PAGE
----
The Brazilian artists who came to prominence in the 1950s found themselves in a much more hospitable environment – with an emergent museum culture and industrial elite throwing their support behind modern art and architecture in a period in which ‘developmentalist ideology’ had become ‘hegemonic’[xii]. The apparently untroubled synthesis of this moment of economic progress and ‘radical’ art, is central to the Cisneros narrative and yet, once more, evades the inconvenience of complications. As Michael Asbury notes, ‘it is not coincidental that the constructivist tendencies emerged alongside the inauguration of the museums of modern art in São Paulo and Rio de Janeiro during the late 1940s and declined shortly after the inauguration of the new capital Brasilia in 1960 as faith in the industrial development of the nation dissipated with the political and economic crisis brought by the excessively accelerated modernisation of the 1950s’. Whilst the exhibition offers an unusually complete picture of the Concretist movement of the 1950s – showing the work of the São Paulo-based artists (such as such as Waldemar Cordeiro, Hermelindo Fiaminghi and Geraldo de Barros) alongside the more familiar Rio-based Neo-Concretists – it follows what Asbury notes as an established pattern in obscuring the decline in the Neo-Concretist consensus after 1960.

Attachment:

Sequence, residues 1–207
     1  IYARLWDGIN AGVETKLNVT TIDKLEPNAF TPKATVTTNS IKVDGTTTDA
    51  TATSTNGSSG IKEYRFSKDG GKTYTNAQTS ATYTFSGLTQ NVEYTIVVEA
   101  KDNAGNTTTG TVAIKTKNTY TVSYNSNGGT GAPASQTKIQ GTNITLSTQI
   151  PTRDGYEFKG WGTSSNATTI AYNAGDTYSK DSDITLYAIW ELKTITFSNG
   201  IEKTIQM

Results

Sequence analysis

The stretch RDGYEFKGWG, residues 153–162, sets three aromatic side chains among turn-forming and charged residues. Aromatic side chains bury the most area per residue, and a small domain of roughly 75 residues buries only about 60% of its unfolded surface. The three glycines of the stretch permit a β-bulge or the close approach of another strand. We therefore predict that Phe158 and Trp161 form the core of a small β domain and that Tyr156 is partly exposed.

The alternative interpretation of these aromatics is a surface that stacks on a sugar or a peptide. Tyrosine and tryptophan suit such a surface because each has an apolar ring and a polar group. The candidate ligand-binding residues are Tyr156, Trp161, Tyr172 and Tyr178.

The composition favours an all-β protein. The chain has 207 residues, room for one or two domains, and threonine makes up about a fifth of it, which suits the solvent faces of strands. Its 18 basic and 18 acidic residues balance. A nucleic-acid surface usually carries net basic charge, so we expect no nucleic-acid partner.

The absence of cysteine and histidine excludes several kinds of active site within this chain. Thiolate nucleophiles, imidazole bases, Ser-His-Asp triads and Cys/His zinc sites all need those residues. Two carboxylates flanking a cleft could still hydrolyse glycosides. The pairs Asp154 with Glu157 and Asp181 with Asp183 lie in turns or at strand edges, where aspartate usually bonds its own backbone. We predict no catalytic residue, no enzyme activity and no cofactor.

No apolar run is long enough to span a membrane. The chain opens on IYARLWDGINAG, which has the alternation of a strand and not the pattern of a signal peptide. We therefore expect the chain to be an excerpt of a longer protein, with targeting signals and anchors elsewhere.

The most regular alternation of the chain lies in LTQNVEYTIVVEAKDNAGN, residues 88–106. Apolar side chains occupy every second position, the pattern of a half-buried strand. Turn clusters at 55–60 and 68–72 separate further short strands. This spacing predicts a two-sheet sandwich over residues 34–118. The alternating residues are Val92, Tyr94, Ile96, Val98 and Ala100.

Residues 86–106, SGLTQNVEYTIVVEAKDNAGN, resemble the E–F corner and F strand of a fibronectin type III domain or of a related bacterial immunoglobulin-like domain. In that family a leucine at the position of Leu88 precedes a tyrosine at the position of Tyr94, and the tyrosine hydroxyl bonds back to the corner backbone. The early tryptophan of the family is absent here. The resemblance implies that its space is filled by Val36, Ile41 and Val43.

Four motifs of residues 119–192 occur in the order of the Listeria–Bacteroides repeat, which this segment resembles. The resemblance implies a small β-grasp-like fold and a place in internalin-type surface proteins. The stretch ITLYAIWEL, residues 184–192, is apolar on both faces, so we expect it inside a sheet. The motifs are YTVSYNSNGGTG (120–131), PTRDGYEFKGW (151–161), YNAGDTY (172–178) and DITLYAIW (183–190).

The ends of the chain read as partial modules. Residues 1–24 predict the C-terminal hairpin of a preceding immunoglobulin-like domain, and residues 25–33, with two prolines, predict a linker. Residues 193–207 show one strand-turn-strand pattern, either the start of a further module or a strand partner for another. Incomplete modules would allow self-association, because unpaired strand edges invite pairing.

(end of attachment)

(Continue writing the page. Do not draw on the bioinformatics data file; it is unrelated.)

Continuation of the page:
For all the historical interest in the chance to see the first wave of São Paulo based Concretists, it is hard to avoid the conclusion (reached most decisively by the Neo-Concretists) that there is something amiss in their rather staid engagements with gestalt theory. Against the perceptual charge of Willys de Castro’s totemic red and white Active Object (1961) Lygia Clark’s Counter Relief No. 1 (1958) and Lygia Pape’s woodblock prints (1959-60), the São Paulo works seem to move little past the realm of elegant graphic design.[xiii] The Neo-Concretist exploration – by de Castro, Clark or Pape – of the ambiguities of perception, by contrast, yielded objects that remain dynamic and somewhat mysterious – as we flit between their physical simplicity and perceptual dissonance. Once more there are interesting parallels with US minimalism: physical presence, simple geometry and an interlocking of perceptual modes forcing the viewer into increasingly active and physical modes of spectatorship. Supported by institutional patronage – and indeed (perhaps equally crucially) a strong selection – the Brazilian work sustains the cross-cultural comparison much more robustly than the Argentine. In its simultaneous demands for dynamic interaction and visual contemplation the work seems to transcend the po-faced literalism of much minimalist art, and resist its dependency on and sanctifying co-option of the exhibition space. Clark’s Counter Relief, No. 1, for example, brings to mind something of Elsworth Kelly’s early wall pieces, whilst summoning a very Juddean notion of three-dimensional objecthood, yet its power rests in an enduring sense of discovery – the relative simplicity of its indented form and black on white contrast, never fully succumbing to the understanding we feel it should. In this in fact, the Neo-Concretists seem almost closer to what Roger Coleman observed as a tendency among English painters at the 1960 Situation Exhibition towards works which were ‘cartographically simple but perceptually complex’.[xiv]